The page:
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Vulvar cancer


Vulvar cancer affects the vulva of the female genitalia. The vulva is an encompassing term that includes the structures of the outside female genitalia: labia majora, labia minora, clitoris, mons pubis, urinary meatus, and opening to vaginal canal. 


History of Human Papillomavirus (HPV) infection, smoking, history of precancerous lesions on the vulvar or cervix, chronic vulvar itching or burning**

**These are risk factors and does not mean if you have these things you will get cancer nor does it mean if you don’t have these things that you are unable to get vulvar cancer. Please consult with your medical provider to see if you need more frequent exams.


Symptoms may include:

  • unexplained vulvar itching/burning/bleeding 

  • new vulvar lesion/mass​
  • changes in vulvar skin that won’t go away

  • sores, ulcers, bumps that won't go away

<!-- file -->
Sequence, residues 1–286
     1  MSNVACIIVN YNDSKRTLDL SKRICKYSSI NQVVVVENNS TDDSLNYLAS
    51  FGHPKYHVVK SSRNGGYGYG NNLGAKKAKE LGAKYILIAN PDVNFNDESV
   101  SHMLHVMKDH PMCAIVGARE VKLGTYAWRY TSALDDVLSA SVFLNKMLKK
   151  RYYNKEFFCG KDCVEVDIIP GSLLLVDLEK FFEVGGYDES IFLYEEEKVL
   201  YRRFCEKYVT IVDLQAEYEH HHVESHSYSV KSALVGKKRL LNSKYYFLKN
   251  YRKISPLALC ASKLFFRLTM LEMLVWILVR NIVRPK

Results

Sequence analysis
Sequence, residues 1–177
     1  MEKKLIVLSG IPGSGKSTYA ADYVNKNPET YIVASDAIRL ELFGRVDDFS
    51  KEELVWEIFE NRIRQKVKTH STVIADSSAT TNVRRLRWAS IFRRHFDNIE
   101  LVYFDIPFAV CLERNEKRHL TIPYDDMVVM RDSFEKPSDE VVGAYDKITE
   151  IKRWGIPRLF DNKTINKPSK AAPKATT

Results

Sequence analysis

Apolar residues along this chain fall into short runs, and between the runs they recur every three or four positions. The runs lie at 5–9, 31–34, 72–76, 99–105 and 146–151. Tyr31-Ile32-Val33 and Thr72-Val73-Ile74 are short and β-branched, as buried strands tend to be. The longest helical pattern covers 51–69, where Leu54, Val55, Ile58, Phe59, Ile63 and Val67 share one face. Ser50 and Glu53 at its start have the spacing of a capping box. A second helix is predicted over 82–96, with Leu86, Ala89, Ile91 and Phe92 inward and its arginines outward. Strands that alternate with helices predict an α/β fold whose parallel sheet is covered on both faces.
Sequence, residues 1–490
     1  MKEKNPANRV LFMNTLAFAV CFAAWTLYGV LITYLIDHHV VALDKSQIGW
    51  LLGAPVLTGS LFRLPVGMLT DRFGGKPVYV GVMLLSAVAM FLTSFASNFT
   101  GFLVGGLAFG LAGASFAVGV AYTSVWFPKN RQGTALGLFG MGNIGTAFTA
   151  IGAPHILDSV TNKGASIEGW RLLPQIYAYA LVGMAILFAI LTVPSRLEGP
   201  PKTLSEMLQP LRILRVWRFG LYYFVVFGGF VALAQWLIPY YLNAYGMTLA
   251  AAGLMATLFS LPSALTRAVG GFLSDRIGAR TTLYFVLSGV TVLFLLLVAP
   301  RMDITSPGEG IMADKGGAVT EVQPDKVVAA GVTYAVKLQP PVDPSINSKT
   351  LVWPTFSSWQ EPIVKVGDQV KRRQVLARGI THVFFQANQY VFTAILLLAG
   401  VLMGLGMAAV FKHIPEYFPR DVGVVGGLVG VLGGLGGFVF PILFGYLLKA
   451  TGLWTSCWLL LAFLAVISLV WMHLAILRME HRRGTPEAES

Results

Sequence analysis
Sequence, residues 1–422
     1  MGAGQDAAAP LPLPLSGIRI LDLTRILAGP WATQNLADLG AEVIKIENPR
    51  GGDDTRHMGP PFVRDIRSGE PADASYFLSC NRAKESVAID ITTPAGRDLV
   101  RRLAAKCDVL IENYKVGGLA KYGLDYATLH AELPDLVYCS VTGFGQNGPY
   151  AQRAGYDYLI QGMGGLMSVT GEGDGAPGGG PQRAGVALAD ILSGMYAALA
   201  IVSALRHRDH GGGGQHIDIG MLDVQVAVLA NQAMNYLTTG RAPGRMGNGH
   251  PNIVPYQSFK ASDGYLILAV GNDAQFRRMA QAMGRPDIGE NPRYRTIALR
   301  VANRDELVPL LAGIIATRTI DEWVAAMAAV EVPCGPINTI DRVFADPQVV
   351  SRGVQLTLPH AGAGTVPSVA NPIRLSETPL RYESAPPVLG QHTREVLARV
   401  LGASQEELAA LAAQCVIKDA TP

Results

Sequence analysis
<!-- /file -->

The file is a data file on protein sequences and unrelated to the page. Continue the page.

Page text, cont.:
• unexplained pelvic pain


There are no specific screening tests for early detection of vulvar cancer. Self-vulvar exams and at least yearly vulvar exams with your medical provider is recommended***. 


***Frequency of vulvar exams with a medical provider is dependent on your level of risk. Please speak to your medical provider to discuss how frequently you should have a vulvar exam. 


Treatment for vulvar cancer will depend on the type of vulvar cancer, if there are any other areas that are involved or if the cancer has spread, and how early the cancer is being caught. Treatment can include prescribed topical cream, surgery, chemotherapy and/or radiation. 


The most efficient way to reduce your risk is to receive the HPV vaccine. The HPV vaccine is recommended for males and females from age 9-26. There are some exceptions that allow for vaccination up to age 45.  Also quitting smoking can reduce your risk. 

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